Elmore: Claar assumes mayor's office

Larry Limpf

One of Rick Claar’s first official actions as mayor of the Village of Elmore was to authorize the purchase of a new chair for the village fiscal officer.
“It wasn’t a big deal. But the old chair wasn’t safe,” he joked last week.
Claar, who was president of village council, was sworn in as mayor following the Sept. 25 resignation of Matt Damschroder, who stepped down as part of a settlement reached in Ottawa County Municipal Court where he pled guilty to a misdemeanor assault charge.
The former mayor also agreed to not seek election or appointment to any public office for 10 years and to enter the court’s diversion program.
“I have enjoyed my 20 plus years of Elmore politics,” Damschroder wrote in his resignation letter. “I only want what is best for the Village and its residents.”
Claar will fill Damschroder’s mayoral term that ends Dec. 31.
Claar and James Krumnow, the brother of former mayor Lowell Krumnow, are the only candidates on the Nov. 5 ballot for the mayor’s seat for the next four years.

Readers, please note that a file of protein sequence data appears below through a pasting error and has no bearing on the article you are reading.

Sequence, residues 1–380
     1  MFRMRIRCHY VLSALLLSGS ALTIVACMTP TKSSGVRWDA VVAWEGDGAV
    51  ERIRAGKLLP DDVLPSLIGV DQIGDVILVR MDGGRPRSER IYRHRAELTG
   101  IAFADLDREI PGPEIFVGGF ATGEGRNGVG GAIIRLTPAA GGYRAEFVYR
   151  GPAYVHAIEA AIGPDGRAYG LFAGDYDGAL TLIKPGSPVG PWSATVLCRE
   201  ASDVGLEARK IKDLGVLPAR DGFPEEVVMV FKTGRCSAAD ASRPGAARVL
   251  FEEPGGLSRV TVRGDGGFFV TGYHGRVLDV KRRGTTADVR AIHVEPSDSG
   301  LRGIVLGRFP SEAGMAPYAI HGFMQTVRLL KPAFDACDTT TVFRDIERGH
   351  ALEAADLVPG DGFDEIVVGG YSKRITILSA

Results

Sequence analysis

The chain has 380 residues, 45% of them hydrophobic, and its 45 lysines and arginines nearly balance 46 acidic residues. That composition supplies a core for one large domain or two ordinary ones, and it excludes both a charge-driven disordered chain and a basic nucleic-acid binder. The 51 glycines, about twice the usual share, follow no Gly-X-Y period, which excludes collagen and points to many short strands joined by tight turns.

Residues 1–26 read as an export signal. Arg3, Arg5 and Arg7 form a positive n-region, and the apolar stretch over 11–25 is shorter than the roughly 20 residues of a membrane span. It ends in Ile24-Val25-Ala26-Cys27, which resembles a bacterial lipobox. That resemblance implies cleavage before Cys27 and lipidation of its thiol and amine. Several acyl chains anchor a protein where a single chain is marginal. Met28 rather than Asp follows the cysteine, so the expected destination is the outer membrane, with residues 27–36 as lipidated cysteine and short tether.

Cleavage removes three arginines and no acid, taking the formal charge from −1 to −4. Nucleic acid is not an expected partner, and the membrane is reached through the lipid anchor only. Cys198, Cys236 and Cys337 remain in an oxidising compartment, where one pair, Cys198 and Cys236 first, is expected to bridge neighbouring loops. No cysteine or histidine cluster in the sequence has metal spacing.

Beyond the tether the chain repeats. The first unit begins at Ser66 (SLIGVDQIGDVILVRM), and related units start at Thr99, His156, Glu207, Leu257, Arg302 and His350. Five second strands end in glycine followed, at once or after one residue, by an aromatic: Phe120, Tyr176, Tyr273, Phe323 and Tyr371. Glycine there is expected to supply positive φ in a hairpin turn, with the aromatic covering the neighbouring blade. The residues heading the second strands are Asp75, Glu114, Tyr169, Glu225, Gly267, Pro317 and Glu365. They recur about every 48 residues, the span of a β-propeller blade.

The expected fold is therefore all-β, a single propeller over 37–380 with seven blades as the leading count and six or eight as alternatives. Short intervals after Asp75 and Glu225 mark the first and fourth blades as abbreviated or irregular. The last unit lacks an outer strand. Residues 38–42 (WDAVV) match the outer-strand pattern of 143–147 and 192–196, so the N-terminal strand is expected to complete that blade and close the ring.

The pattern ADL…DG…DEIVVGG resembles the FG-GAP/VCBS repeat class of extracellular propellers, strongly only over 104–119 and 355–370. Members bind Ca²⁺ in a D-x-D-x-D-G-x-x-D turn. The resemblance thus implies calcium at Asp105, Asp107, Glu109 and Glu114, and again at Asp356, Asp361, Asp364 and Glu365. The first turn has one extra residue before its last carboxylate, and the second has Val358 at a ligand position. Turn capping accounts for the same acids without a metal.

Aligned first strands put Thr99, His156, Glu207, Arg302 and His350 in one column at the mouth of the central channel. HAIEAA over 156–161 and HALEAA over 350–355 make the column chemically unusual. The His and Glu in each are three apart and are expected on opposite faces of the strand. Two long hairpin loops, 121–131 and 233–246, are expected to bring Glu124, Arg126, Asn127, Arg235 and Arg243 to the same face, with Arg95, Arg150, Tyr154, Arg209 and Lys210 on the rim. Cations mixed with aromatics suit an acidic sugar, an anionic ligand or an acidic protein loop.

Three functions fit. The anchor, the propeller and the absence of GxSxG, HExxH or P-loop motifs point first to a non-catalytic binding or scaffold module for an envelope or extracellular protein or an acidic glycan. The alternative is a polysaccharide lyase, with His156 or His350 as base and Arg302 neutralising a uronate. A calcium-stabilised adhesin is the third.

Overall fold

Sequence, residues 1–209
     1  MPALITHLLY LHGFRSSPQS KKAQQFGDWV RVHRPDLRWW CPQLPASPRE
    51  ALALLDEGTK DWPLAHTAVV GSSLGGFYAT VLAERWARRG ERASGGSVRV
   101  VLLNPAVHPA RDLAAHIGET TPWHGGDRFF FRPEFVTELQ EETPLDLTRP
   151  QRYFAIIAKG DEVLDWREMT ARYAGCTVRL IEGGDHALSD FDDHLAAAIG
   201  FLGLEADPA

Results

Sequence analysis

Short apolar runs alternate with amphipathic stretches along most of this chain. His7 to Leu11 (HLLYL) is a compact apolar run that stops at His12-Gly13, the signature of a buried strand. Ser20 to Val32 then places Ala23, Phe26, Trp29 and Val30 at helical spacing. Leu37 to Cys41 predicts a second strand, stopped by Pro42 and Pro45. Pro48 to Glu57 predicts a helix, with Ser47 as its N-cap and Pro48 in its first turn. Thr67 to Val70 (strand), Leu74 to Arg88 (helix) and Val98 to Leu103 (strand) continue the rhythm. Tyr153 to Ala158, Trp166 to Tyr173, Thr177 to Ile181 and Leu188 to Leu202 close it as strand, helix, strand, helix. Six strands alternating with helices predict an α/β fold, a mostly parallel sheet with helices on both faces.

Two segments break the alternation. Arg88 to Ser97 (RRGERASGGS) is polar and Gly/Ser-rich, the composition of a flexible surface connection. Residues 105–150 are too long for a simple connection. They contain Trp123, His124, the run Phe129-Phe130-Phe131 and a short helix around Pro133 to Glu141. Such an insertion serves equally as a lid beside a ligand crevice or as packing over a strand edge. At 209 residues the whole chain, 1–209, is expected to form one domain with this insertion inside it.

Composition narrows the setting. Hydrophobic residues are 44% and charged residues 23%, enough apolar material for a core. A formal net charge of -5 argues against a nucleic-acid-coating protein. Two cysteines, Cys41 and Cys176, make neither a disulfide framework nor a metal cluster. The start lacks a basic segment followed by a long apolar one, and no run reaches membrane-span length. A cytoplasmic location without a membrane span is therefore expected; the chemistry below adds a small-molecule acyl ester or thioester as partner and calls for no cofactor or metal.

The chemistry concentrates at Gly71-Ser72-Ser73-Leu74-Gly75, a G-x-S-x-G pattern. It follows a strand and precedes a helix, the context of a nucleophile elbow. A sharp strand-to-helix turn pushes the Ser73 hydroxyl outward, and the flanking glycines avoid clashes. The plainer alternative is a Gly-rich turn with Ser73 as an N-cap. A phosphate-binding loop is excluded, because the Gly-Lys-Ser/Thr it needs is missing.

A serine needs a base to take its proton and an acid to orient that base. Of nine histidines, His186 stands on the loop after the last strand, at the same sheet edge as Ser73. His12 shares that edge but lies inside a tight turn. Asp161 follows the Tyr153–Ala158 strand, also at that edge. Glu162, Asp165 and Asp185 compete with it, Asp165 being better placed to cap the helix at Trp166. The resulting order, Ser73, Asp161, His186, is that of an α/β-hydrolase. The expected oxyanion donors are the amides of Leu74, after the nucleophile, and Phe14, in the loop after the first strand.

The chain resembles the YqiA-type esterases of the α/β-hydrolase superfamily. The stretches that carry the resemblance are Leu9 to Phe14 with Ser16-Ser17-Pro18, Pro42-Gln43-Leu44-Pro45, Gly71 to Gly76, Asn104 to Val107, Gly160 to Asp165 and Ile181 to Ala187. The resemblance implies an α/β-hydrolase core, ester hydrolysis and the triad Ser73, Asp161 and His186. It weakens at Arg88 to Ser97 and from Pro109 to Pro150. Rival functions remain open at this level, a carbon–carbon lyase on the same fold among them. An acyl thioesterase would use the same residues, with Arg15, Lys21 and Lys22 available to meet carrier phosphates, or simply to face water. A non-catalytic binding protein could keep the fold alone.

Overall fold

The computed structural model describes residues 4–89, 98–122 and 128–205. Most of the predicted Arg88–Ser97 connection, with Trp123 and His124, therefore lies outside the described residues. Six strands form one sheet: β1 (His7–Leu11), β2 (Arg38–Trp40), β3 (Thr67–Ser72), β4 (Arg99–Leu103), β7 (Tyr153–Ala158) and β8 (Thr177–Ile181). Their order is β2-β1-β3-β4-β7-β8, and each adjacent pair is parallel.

Claar said he’s invoked a provision in the Ohio Revised Code that keeps his seat on council vacant until the November race is decided. If he doesn’t win the race he’ll have the option of completing the final two years of his term on council.
Regardless of what seat he occupies, Claar is hoping village officials can bridge some of what he sees as divisiveness that’s overshadowed some issues.
One example: A proposal to develop a walking trail along a portion of Riverbend Park in Elmore was tabled last year by council.
Under the proposal, about half of the park would have been left unmowed except for where a walking trail would be located. The mowing would have been stopped to let a grasslands area develop around the trail.
Claar said council sought information from the Ohio Department of Natural Resources on whether the park is a viable location for planting wildflowers and other vegetation to attract birds and wildlife.
Then mayor Damschroder was dismissive of the idea and opposed letting the park lawn grow into grassland, saying he feared it would attract ticks and mosquitoes.
The matter roiled some residents who voiced their feelings on social media and the proposal is still tabled.


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